"itch for doing something," 1560s, from Latinized form of Greek kakoēthēs "ill-habit, wickedness, itch for doing (something)," from kakos "bad" (from PIE root *kakka- "to defecate") + ēthē- "disposition, character" (see ethos). Most famously, in Juvenal's insanabile scribendi cacoethes "incurable passion for writing."
Old English deorcnysse "absence of light," from dark (adj.) + -ness. The 10c. Anglo-Saxon treatise on astronomy uses þeostrum for "darkness." Figurative use for "sinfulness, wickedness" is from early 14c. From late 14c. as "obscurity," also "secrecy, concealment," also "blindness," physical, mental, or spiritual.
As a class of crime in common law, also from c. 1300, from Anglo-French. The exact definition changed over time and place, and even the distinction from misdemeanor or trespass is not always observed. In old use often a crime involving forfeiture of lands, goods, or a fee or a crime punishable by death. Variously used in the U.S.; often the sense is "crime punishable by death or imprisonment in a state penitentiary."
1530s, "enormous wickedness," from French atrocité or directly from Latin atrocitatem (nominative atrocitas) "cruelty, fierceness, harshness," noun of quality from atrox "fierce, cruel, frightful," from PIE *atro-ek-, from root *ater- "fire" + root *okw- "to see;" thus "of fiery or threatening appearance." The meaning "an atrocious deed" is from 1793.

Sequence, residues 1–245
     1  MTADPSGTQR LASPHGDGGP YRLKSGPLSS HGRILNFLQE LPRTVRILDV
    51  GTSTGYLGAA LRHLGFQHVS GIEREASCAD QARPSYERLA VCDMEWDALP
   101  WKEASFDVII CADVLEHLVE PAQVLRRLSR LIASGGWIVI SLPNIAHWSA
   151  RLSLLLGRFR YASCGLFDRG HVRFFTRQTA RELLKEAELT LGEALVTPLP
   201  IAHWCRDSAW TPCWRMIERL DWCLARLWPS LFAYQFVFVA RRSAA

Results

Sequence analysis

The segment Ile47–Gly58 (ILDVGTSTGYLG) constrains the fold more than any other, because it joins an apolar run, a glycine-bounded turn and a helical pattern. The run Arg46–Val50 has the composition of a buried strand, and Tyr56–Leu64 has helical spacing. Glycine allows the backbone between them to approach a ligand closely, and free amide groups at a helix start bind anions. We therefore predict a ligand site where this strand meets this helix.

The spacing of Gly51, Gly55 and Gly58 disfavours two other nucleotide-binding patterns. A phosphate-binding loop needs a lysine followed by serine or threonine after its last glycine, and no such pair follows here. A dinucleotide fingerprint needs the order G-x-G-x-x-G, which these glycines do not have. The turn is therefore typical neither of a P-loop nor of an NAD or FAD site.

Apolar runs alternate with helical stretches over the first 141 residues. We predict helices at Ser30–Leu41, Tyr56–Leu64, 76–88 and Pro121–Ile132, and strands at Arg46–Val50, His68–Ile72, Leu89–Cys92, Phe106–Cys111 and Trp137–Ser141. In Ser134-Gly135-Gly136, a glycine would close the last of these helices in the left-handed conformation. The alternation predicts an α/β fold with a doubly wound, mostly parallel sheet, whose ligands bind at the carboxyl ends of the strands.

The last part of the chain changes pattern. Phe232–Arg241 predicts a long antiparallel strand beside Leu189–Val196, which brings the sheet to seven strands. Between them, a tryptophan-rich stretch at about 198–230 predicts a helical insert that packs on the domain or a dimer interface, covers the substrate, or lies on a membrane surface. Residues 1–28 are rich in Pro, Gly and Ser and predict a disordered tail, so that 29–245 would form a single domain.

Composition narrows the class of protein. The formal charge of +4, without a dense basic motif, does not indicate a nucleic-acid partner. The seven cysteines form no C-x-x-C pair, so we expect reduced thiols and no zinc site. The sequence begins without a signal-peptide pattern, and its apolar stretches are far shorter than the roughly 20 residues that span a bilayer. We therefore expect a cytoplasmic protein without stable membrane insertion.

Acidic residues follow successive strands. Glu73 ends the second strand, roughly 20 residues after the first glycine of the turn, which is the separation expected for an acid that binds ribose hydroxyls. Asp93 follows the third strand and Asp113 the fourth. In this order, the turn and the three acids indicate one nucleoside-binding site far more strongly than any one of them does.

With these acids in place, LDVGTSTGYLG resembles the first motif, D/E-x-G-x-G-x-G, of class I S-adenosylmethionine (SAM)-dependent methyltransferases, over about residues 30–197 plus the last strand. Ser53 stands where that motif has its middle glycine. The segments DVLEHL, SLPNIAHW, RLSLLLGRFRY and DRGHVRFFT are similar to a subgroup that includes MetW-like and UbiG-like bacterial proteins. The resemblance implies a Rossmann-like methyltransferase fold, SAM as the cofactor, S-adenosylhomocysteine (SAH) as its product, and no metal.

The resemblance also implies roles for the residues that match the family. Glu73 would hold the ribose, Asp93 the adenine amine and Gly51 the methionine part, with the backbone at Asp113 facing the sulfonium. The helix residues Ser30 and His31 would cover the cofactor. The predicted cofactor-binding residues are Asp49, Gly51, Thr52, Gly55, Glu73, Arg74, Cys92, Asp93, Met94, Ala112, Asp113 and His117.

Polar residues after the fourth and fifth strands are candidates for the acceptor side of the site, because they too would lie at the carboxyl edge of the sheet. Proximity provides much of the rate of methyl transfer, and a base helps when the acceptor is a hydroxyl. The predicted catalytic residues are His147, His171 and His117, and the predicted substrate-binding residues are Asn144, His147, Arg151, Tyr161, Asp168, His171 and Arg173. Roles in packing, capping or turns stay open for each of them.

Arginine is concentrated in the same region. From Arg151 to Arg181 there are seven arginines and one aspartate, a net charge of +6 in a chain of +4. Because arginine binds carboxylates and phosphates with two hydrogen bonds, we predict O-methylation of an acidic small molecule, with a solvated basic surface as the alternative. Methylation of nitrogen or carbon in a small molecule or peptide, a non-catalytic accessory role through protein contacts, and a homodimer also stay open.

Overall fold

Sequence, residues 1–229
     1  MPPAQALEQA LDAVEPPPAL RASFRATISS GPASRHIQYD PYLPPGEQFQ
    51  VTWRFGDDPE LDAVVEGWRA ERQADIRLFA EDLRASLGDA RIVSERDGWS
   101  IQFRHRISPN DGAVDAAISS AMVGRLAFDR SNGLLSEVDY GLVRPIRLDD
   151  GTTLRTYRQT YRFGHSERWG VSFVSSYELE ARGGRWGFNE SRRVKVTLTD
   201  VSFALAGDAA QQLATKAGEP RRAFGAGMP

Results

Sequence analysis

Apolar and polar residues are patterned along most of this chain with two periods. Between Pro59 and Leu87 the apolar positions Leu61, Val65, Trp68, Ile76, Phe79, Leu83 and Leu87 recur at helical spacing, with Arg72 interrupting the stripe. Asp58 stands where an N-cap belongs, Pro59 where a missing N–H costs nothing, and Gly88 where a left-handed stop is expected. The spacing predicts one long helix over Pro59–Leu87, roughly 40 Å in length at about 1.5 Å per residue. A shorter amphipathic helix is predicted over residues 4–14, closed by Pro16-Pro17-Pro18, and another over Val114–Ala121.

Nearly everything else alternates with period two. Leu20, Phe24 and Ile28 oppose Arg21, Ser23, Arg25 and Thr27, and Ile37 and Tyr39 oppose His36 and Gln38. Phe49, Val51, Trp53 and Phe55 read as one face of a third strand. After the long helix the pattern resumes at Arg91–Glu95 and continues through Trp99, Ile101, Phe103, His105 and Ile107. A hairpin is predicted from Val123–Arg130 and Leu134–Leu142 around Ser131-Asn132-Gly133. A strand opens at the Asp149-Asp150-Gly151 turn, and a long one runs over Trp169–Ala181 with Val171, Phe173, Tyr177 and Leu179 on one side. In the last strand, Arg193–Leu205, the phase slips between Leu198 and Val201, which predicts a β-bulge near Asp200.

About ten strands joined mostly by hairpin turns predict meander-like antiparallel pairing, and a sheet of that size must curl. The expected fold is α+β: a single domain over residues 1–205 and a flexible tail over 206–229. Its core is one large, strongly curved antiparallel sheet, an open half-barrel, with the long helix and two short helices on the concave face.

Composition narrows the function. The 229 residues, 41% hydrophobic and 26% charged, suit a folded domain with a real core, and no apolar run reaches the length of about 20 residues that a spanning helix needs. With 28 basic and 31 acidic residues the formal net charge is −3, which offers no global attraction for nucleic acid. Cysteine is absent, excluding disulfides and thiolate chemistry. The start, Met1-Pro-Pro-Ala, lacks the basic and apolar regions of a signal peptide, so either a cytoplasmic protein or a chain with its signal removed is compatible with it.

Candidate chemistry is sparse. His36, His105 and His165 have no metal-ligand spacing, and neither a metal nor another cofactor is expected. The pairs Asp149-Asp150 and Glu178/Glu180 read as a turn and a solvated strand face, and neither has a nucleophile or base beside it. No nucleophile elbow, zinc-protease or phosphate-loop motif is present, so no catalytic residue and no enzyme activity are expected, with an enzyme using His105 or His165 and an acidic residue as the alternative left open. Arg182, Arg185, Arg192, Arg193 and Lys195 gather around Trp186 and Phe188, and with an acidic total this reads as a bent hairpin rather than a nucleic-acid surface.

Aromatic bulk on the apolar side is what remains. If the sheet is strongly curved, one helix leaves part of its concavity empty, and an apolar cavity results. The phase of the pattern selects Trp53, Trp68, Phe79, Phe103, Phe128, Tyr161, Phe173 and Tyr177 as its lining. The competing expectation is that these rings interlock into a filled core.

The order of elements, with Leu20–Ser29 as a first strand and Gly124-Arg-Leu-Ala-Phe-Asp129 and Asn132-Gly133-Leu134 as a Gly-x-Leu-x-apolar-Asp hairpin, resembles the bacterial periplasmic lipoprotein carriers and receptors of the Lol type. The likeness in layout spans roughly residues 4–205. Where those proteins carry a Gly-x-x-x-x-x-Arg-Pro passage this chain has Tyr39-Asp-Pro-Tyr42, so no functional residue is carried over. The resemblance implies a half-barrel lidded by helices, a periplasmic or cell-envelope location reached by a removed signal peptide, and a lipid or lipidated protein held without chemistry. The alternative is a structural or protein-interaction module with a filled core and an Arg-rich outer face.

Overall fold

c. 1300, "any infectious or contagious disease, fatal epidemic," from Old French pestilence "plague, epidemic" (12c.) and directly from Latin pestilentia "a plague, an unwholesome atmosphere," noun of condition from pestilentem (nominative pestilens) "infected, unwholesome, noxious," from pestis "deadly disease, plague" (see pest).
Also in Middle English "wickedness, evil, sin, a vice, that which is morally pestilential."
The Chauvinist is a man who can only express his patriotic feelings in terms of hatred to other countries. There are still to be found in France certain people who can only show the excellence of French institutions by exhibiting the wickedness of the English. [The Home and Foreign Review, October 1863]
"breach of faith or trust, base treachery," 1590s, from French perfidie (16c.), from Latin perfidia "faithlessness, falsehood, treachery," from perfidus "faithless," from phrase per fidem decipere "to deceive through trustingness," from per "through" (from PIE root *per- (1) "forward," hence "through") + fidem (nominative fides) "faith" (from PIE root *bheidh- "to trust, confide, persuade").
[C]ombinations of wickedness would overwhelm the world by the advantage which licentious principles afford, did not those who have long practiced perfidy grow faithless to each other. [Samuel Johnson, "Life of Waller"]